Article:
PATRICK POLESHUK WRITES — In a cutthroat economic environment in which trading is perceived as a zero-sum game, the placement of tariffs on roughly $250 billion worth of Chinese goods is merely perceived as keeping things fair.
President Trump has held to this view since his 2017 ascension to office, despite wide-scale criticism, both nationally and internationally. Even though much skepticism has been raised regarding the non-restrictive use of tariffs to curve the United States’ growing trade deficit, positive results are starting to show up. Paradoxically, amidst growing deregulation, China’s economy is beginning to falter.
Trump, so certain that the export-driven economy of China would give out more quickly than the U.S. economy, seemingly challenged all professional economist s with opposing views who argued that large-scale protectionism will see U.S. economic growth plummet. Miraculously, we have yet to see this development, while China, on the other hand, struggles to lift itself from its recent economic slump .
Putting aside the arguable severity of the U.S. trade deficit, China has attempted to offset tariff related damage by freeing up its financial sector. In an attempt to stimulate domestic aggregate demand and open itself up to amplified foreign investment, the Chinese economy is hard at work with monetary policy reform. On the surface, though, this remains a work in progress; freeing up China’s allocation of credit to its citizens was originally outlined in the “ Wenzhou Experiment ” several years ago.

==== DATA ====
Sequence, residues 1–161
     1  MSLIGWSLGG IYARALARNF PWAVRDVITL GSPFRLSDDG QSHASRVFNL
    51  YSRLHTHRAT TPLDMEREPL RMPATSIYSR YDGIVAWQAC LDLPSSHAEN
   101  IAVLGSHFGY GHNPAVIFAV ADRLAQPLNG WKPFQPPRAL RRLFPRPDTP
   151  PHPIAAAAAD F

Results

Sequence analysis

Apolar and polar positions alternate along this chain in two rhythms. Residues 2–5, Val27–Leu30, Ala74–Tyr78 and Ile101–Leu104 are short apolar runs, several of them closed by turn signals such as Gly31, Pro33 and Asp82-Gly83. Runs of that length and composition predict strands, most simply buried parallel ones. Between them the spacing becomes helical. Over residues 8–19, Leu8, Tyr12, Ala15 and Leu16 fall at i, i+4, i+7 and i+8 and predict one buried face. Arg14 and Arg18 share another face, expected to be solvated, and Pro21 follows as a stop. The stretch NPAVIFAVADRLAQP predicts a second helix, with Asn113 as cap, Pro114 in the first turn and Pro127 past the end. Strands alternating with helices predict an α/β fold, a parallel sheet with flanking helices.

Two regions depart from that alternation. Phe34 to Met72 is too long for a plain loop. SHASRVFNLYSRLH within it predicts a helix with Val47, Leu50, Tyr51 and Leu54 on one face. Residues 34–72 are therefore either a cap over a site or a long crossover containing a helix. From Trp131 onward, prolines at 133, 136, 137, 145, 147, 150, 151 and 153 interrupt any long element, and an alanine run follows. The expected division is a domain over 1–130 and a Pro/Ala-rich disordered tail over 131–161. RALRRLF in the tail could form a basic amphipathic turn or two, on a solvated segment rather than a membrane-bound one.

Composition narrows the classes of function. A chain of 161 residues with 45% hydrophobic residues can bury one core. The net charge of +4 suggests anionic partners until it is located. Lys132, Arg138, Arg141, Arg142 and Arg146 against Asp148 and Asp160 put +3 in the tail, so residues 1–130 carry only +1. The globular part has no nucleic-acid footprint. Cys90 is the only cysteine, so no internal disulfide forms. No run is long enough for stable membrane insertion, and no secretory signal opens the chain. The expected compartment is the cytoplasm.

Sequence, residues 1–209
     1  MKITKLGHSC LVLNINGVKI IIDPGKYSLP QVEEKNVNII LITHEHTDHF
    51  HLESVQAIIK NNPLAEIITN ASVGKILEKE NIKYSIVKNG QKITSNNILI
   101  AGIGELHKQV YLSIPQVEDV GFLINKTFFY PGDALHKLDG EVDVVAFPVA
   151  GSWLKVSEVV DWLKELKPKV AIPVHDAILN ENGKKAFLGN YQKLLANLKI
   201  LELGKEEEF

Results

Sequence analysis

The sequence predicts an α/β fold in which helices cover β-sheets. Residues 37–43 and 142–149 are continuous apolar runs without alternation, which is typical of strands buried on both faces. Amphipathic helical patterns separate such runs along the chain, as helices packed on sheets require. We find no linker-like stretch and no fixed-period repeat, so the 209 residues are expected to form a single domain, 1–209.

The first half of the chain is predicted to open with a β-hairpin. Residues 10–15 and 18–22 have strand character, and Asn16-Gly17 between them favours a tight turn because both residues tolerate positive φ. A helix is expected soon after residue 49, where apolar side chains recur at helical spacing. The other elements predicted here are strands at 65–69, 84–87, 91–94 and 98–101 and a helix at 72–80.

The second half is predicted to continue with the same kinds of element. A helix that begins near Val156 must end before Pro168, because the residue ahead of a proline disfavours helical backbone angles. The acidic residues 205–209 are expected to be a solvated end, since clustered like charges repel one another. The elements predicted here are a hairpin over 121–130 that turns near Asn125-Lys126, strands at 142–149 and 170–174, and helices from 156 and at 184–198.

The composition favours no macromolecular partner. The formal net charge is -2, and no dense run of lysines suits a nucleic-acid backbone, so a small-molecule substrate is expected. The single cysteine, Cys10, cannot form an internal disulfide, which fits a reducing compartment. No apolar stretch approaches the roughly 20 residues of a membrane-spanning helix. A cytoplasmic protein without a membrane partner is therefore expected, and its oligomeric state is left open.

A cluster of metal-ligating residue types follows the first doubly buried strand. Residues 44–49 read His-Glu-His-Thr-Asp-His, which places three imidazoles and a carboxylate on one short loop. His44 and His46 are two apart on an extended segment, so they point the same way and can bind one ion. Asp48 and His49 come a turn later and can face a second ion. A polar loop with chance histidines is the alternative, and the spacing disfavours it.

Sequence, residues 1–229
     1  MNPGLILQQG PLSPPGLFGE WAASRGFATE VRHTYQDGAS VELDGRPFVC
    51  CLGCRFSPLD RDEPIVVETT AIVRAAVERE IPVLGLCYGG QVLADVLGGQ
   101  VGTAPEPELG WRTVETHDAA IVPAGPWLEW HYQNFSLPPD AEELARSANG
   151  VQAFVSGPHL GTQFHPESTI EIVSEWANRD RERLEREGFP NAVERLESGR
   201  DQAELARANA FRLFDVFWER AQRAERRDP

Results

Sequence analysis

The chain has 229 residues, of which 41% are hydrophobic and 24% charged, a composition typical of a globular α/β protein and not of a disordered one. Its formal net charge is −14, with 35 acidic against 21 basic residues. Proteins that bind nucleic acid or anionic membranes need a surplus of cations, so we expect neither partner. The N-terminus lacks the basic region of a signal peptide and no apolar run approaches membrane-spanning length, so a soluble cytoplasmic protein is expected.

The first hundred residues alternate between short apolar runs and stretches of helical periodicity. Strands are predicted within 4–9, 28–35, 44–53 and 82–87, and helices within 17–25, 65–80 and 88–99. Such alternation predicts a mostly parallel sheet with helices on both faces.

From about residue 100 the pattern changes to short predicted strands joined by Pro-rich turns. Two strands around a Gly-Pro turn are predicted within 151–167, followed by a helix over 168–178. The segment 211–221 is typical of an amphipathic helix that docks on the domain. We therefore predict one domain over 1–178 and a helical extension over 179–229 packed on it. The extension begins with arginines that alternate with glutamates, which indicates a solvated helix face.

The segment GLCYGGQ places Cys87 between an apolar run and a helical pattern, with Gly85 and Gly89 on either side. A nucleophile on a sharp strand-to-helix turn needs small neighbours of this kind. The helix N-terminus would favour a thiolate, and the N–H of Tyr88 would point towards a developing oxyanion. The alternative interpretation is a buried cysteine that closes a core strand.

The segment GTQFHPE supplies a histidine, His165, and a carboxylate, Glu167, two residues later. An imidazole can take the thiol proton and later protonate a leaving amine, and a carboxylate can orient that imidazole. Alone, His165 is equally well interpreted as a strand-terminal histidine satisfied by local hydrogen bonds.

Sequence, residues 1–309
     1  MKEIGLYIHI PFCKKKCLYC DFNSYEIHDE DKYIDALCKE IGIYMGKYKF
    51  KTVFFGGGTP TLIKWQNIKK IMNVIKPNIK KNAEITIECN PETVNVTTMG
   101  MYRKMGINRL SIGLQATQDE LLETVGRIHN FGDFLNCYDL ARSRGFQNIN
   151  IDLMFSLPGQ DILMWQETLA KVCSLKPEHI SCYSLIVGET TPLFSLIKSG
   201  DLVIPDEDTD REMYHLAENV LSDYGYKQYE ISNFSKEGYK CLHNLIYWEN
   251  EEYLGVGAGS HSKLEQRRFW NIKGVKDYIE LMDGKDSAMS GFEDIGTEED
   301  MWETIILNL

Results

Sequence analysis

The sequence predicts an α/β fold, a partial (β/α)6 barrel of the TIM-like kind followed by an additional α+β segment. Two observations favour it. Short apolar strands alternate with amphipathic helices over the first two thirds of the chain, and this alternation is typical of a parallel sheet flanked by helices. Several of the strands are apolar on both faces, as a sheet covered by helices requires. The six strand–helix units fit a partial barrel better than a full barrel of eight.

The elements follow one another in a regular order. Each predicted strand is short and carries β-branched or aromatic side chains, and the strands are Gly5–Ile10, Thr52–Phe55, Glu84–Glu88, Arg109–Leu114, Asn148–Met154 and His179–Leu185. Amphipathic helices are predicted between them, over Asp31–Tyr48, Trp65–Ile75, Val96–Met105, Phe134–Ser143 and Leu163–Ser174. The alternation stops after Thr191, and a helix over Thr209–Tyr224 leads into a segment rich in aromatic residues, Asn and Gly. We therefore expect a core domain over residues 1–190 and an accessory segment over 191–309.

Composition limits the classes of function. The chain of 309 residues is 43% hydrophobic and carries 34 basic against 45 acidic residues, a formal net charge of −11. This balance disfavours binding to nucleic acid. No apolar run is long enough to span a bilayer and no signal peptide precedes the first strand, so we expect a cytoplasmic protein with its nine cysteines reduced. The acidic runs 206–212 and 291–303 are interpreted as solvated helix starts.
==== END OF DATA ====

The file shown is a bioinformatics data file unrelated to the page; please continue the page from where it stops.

Yet the recent deregulation has advanced much farther than previously expected or sought. Reforms are well underway. Last April, CCP regulations were lifted to allow foreign investors and firms wider access to pools of various Chinese Investment. For example, greater access was given to those investing in debt-financing securities, mutual-fund portfolios, controlling stock and financial institution assets. Moreover, Beijing has amplified its loan approvals to smaller, private firms in the region, and has had the required reserve ratio slashed for commercial banks.
This reliance on its less dependent, monetary policy to fix the recent fiscal downturn, however, has failed to produce results. Problems stem from counterintuitive government regulation, which continues to impede Chinese banks from taking on the risks associated with lending. In addition, The People’s Bank of China is responsible for setting a bank’s deposit account, and commercial banks still heavily rely on their benchmarks to gauge its loan interest rate. This produces problems when the account rate is abnormally low, currently less than 2%, as Chinese citizens feel it’s unwise to invest in these banks. Without a consistent financial inflow, however—even if all interest on loans was market-based— banks would still have to slow their distribution of loans or put up with an induced sense of risk.
The previously held firm belief that China is simply ideologically untamable —in the Western eye— seems to be weakening.